Want to go solar but feel like learning Florida’s solar laws is a whole new language? Well, consider Super Solar your very own Rosetta Solar Stone. We’re here to enlighten (pun intended) you with the ultimate legal guide to Florida’s solar laws.
Currently, the Federal Solar Investment Tax Credit offers homeowners a 26% tax credit for solar systems that are installed between 2020-2022 and 22% for systems that will be installed in 2023. Add this to the rising popularity of solar in Florida that has created some amazing financial incentives for homeowners across the state. At the state level, Floridians are currently exempt from paying sales tax on solar, which can significantly reduce the final cost of your system. Solar is also exempt from property taxes for residential solar panels through the Solar and CHP Sales Tax Exemption. This means that county tax collectors can overlook a home’s solar system when assessing value. These statewide incentives are especially appealing to solar seekers who would be subject to sales and property taxes on any other home improvement investments.
Another great incentive within Florida’s solar laws is net metering. If your solar system generates more electricity than your home requires, the excess energy will go back to the grid, and you’ll be issued a credit on your next utility bill. Tampa Electric Company (TECO), Duke Energy, and Florida Power & Light (FPL) all offer utility net metering programs in Florida.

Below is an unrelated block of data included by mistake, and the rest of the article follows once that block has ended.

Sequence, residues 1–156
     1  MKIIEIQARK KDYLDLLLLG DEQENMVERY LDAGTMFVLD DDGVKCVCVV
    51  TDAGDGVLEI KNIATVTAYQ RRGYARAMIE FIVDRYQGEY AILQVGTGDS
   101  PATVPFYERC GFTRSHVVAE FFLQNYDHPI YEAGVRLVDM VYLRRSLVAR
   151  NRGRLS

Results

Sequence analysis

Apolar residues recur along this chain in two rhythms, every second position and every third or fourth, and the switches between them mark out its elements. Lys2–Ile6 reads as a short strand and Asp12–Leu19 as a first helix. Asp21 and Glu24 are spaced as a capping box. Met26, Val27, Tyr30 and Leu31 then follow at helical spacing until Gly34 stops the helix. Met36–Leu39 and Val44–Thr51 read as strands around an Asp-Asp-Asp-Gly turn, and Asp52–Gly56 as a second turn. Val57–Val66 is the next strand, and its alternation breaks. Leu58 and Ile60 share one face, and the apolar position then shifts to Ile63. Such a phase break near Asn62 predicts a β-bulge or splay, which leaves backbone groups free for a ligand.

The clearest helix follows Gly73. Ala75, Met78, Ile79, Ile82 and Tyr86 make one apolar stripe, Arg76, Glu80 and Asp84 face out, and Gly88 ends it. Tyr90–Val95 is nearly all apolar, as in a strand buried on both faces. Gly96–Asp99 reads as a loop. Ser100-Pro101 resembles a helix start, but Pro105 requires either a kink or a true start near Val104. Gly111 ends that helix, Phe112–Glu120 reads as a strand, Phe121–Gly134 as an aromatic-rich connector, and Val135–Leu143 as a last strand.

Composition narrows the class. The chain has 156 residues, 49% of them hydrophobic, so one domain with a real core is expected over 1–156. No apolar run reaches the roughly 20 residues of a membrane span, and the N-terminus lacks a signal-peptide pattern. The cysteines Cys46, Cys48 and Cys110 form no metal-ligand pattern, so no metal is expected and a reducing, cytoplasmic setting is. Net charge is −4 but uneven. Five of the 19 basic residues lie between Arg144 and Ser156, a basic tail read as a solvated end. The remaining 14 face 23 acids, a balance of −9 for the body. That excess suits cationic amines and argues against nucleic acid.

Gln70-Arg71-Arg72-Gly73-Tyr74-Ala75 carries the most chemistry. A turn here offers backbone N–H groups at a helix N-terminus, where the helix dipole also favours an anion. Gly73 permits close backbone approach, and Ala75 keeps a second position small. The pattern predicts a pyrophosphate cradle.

With such a great return on your investment, installing a solar system should be a no-brainer. But if you’re anticipating questions from your neighbor, Ned Flanders, or the HOAs of Del Boca Vista, don’t fret. The Florida Solar Rights Act protects the right of building owners to install solar panels. Homeowner associations and other groups are prohibited from preventing solar panel installation on buildings in Florida. These groups are allowed to require approval of solar system plans before installation but must not be contingent upon factors that would prevent installation. These factors could include the location of panels, as long as they are within 45 degrees of due south, but any restrictions imposed may not detract from the effectiveness of the system since due south is the best placement for Florida solar panels.